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Transfer Function Block Diagrams - Noise and Disturbances

Every system will be subjected to both noise and disturbances from a range of sources. These can be emitted externally from the environment or from internal circuit components.

Noise:

Noise is present within internal circuits of the system itself and is also emitted by external sources such as equipment installed on the same power line (which conduct noise into the control system via the power input line) or from other devices physically located nearby.

Internal noise sources include:

  • Resistor shot noise
  • PWM switching frequency radiated noise
  • High current signal path conducted and emitted noise
  • Clock signal noise
  • Internal ADC noise

External noise sources include:

  • Conducted noise through power inlet from locally grid connected electronic equipment
  • Environmental radiated noise from other equipment, such as clock signals etc
  • Heavy local switching machinery, such as motors and welding machines

A system should be designed so that any noise, from internal and external sources, is adequately attenuated so that it does not interfere with the operation of the system. Noise can cause many issues including communication issues between subsystems on a digital level, as well as analogue noise which can affect sensor performance and control/plant behaviour.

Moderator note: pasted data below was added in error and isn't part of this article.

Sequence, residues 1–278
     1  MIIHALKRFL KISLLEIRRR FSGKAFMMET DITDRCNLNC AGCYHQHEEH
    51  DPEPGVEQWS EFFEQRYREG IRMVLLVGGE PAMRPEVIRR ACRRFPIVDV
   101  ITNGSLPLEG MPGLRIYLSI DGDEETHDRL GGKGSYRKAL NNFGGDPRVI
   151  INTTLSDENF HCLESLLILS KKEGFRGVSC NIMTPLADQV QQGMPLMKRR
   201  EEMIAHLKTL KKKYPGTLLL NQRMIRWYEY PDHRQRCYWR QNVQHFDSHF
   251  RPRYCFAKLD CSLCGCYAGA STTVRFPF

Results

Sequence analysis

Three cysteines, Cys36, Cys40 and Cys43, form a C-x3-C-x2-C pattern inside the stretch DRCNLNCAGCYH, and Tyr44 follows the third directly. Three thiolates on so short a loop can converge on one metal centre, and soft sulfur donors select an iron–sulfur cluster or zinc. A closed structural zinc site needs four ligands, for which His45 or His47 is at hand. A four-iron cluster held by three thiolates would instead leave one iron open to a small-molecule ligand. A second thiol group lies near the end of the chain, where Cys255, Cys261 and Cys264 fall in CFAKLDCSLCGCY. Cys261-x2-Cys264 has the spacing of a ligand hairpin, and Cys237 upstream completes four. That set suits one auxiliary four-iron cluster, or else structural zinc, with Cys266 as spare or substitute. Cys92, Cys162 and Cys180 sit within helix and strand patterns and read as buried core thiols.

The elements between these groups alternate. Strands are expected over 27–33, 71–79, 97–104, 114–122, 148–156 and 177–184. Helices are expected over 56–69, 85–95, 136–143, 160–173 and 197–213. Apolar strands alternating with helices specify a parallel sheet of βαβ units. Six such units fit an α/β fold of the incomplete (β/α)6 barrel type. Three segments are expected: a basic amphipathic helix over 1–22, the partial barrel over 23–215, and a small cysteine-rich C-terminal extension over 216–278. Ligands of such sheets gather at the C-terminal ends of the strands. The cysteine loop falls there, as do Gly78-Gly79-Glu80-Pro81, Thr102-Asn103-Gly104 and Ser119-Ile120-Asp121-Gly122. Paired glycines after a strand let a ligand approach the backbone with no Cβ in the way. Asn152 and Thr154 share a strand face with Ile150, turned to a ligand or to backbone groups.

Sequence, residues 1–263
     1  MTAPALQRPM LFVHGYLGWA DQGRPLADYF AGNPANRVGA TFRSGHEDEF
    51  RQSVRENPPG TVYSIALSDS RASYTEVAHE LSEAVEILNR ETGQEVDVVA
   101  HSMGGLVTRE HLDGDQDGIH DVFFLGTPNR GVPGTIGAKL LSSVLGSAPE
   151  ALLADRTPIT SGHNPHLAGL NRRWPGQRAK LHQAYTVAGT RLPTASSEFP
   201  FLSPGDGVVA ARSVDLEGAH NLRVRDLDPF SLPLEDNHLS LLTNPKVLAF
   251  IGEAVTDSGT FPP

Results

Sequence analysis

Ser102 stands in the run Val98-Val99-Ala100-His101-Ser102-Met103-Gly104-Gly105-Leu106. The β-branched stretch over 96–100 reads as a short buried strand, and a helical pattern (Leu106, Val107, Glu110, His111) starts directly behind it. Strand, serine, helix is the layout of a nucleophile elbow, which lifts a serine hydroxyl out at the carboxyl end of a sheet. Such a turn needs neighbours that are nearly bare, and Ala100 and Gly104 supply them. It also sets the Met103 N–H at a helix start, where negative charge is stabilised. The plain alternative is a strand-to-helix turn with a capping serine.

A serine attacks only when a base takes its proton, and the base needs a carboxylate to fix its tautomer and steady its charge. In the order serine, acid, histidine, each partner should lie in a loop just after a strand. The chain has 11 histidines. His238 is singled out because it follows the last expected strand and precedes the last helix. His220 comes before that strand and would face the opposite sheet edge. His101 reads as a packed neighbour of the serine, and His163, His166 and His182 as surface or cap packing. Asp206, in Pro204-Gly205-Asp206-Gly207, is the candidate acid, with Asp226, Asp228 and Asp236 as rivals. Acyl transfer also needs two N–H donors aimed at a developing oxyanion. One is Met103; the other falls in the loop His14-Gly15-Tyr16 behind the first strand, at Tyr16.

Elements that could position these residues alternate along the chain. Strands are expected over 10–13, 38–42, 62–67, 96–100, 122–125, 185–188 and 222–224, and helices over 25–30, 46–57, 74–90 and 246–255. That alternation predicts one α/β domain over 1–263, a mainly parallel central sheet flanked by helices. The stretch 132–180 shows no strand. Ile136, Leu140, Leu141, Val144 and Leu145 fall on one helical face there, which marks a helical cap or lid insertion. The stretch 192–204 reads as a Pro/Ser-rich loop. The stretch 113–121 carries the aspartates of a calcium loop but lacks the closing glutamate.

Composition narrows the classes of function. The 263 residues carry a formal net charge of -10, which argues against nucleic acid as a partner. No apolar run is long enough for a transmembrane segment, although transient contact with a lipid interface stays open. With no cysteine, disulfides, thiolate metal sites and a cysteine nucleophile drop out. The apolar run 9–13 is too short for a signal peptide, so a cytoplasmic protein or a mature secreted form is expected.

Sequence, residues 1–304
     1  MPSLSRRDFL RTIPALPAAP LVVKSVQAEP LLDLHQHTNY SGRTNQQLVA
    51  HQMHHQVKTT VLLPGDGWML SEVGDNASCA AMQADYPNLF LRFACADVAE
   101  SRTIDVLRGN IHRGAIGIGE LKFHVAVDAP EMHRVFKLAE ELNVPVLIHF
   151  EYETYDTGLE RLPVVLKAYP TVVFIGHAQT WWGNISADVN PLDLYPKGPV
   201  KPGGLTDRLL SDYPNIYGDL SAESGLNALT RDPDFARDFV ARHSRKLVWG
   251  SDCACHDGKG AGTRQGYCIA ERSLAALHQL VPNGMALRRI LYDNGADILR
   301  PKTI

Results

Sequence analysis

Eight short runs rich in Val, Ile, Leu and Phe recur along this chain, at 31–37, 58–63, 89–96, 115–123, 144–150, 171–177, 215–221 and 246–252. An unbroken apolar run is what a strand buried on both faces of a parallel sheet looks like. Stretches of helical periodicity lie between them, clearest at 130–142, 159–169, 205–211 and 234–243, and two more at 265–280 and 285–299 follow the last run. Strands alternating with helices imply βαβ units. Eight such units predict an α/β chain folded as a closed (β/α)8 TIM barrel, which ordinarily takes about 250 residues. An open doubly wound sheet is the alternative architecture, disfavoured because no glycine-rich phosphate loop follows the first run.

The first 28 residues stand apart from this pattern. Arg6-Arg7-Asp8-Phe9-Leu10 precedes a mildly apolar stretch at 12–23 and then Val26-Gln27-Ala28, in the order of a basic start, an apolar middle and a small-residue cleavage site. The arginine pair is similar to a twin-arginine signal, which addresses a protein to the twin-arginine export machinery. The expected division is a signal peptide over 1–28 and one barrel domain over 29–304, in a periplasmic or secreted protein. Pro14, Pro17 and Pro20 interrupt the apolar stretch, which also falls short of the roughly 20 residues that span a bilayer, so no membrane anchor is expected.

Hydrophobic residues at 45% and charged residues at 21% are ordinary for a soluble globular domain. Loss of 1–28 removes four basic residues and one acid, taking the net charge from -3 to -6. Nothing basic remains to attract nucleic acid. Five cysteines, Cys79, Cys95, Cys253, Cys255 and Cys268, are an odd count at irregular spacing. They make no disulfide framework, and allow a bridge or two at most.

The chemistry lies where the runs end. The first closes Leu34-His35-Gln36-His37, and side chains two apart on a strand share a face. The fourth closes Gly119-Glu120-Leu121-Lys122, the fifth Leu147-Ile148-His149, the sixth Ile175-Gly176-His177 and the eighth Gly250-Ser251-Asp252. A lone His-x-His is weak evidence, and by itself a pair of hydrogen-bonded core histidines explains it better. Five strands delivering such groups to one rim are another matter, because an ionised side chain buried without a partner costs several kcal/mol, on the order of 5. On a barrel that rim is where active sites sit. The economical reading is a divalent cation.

Disturbances

Any control system that is eventually put into operation “in the field” should be able to maintain its desired output regardless of any disturbances placed upon the system.

Disturbances can be in the form of a varying terrain for an automotive cruise control system or a change of wind direction for an aircraft autopilot system.

D(s) represents the disturbance input to the system.

Systems should be designed to minimise the effects of any noise or disturbances, block diagram representation of a system allows the designer to model the effects of noise and disturbances upon the output (or upon intermediate stages) of the system.

Systems will have many inputs, these include the “intended” input signal as well as noise inputs, disturbances, temperature drifts and many more. When modelling the effect of these disturbances, each input is modelled individually by setting all other inputs to zero. As systems are modelled as linear time invariant (LTI) systems, the sum effect of all of the disturbances together is a simple addition of the individual effects. This serves as another reason to linearise systems before performing any in depth modelling.

Deriving the transfer function for a disturbance input:

Determine D(S)/Y(S)

Set all other inputs zero – R(s) = 0

D(S)/Y(S) = G2(s) / [1 + G1(s)G2(s)H(s)]